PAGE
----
Thursday, December 15, 2016

How I Learned to Love Putin: Think Like A Trumpian

Photo: Getty Images
Vladimir Putin used to worry me. A lot. But I’m over it.
In September 1999 a series of apartment bombings in three Russian cities killed nearly 300 people. The Kremlin promptly blamed Chechen rebels, sparking the Second Chechen War.
Later that September, agents of Russia’s security service, the FSB, placed explosives in the basement of an apartment building in the city of Ryazan. Authorities claimed it was a training exercise, and that the explosives were merely sacks of sugar. An independent parliamentary inquiry went nowhere. Documents related to the incident are under 75-year seal. The bombings were instrumental in bringing Mr. Putin to power.
It once appalled me to think that he might hold his office thanks to a false-flag operation that would have made Macbeth blush and Richard III smile. But I’m OK with it now. We need Mr. Putin to defeat the terrorists in Syria.
Among the members of the Ryazan inquiry was liberal politician Sergei Yushenkov and investigative journalists Otto Latsis and Yuri Shchekochikhin. Yushenkov was assassinated in April 2003. Latsis was killed after a jeep rammed into his Peugot in September 2005. Shchekochikhin fell violently ill in June 2003, lost all his hair, suffered multiple organ failures and died 16 days later.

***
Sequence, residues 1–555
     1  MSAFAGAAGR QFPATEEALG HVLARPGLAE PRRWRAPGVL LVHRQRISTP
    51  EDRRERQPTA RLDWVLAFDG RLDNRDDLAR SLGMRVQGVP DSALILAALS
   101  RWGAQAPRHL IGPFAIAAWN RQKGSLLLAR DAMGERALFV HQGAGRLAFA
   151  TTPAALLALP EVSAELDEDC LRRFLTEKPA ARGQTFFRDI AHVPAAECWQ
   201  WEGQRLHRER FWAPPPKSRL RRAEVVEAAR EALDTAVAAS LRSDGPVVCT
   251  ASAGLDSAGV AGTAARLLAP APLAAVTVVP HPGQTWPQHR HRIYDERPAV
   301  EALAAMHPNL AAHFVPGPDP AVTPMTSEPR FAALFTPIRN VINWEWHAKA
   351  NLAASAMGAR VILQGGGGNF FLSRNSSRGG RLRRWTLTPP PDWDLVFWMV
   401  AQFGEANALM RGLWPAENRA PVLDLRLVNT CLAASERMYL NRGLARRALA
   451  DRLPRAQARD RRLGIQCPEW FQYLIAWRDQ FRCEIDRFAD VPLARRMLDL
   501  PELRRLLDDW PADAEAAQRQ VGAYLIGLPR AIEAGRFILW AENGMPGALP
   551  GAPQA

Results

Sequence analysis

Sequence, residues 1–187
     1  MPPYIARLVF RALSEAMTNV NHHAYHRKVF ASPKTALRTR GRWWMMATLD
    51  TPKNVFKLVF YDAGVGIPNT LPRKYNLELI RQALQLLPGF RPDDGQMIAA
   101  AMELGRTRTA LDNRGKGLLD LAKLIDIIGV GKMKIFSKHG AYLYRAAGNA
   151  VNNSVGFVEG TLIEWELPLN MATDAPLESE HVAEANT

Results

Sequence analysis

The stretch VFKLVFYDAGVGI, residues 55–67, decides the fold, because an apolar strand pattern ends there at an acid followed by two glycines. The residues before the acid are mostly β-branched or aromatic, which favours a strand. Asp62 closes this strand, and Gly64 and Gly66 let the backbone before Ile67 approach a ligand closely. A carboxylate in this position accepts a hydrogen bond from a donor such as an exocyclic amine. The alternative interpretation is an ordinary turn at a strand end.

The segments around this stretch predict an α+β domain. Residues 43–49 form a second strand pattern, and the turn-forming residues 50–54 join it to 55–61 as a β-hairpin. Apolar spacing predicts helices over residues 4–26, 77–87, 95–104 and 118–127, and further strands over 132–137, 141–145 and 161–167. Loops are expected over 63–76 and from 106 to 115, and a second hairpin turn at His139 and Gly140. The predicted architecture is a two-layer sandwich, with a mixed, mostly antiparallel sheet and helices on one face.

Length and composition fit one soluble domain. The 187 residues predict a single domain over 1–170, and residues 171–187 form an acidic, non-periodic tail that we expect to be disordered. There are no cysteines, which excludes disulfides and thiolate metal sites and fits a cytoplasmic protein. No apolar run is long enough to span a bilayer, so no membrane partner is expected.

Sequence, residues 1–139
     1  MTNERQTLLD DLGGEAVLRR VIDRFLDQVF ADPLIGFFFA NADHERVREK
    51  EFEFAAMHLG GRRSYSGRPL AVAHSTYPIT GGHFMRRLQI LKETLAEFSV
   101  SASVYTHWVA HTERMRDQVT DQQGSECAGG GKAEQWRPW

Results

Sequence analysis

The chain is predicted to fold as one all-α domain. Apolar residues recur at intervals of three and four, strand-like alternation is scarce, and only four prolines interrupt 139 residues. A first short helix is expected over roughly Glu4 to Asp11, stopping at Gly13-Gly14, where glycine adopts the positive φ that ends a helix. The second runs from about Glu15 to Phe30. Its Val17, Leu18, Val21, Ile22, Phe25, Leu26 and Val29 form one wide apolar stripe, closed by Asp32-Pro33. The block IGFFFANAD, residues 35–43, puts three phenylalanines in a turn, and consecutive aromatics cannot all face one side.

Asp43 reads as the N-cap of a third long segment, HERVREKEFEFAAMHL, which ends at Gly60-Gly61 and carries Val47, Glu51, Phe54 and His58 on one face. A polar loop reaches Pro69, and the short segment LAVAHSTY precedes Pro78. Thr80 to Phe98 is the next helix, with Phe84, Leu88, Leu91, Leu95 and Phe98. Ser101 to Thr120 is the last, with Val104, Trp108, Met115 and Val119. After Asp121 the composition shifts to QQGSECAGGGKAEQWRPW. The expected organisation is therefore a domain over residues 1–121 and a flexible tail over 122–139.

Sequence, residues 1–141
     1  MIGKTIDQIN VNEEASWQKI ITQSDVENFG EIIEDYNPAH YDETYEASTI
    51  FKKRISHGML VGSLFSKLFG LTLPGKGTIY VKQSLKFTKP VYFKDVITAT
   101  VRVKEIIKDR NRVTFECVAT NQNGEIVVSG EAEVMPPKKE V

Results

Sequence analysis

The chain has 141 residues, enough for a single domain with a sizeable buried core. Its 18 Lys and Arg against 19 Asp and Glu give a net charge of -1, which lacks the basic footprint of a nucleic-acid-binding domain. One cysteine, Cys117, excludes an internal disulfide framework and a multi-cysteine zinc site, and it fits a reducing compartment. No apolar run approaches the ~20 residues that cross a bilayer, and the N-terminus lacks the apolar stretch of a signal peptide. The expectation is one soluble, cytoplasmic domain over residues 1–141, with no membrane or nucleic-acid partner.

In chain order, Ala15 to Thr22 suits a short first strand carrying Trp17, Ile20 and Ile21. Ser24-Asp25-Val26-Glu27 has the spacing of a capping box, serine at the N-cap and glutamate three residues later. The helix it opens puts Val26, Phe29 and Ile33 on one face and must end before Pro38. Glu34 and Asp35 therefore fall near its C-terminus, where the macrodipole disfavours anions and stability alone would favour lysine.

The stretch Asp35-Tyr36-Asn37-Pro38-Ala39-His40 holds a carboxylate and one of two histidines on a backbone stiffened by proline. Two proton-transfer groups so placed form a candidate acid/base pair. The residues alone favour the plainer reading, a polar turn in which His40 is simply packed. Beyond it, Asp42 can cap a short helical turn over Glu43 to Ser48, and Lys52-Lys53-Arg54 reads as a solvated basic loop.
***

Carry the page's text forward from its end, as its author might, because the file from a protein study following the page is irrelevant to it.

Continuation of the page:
The following year, Viktor Yushchenko, a Ukrainian opposition figure seen as hostile to Russia, fell mysteriously ill as he was campaigning for the presidency. He survived to win the office, but his face was permanently disfigured by what turned out to be dioxin poisoning. Two years later, Alexander Litvinenko, a former FSB agent and political asylee in Britain, ingested a fatal dose of polonium. An official inquiry concluded that his murder was conducted by the FSB with the likely personal approval of Mr. Putin.
No big deal. As President-elect Trump told Joe Scarborough last year, “our country does plenty of killing also.” ...
Read the rest from Bret Stephens HERE.

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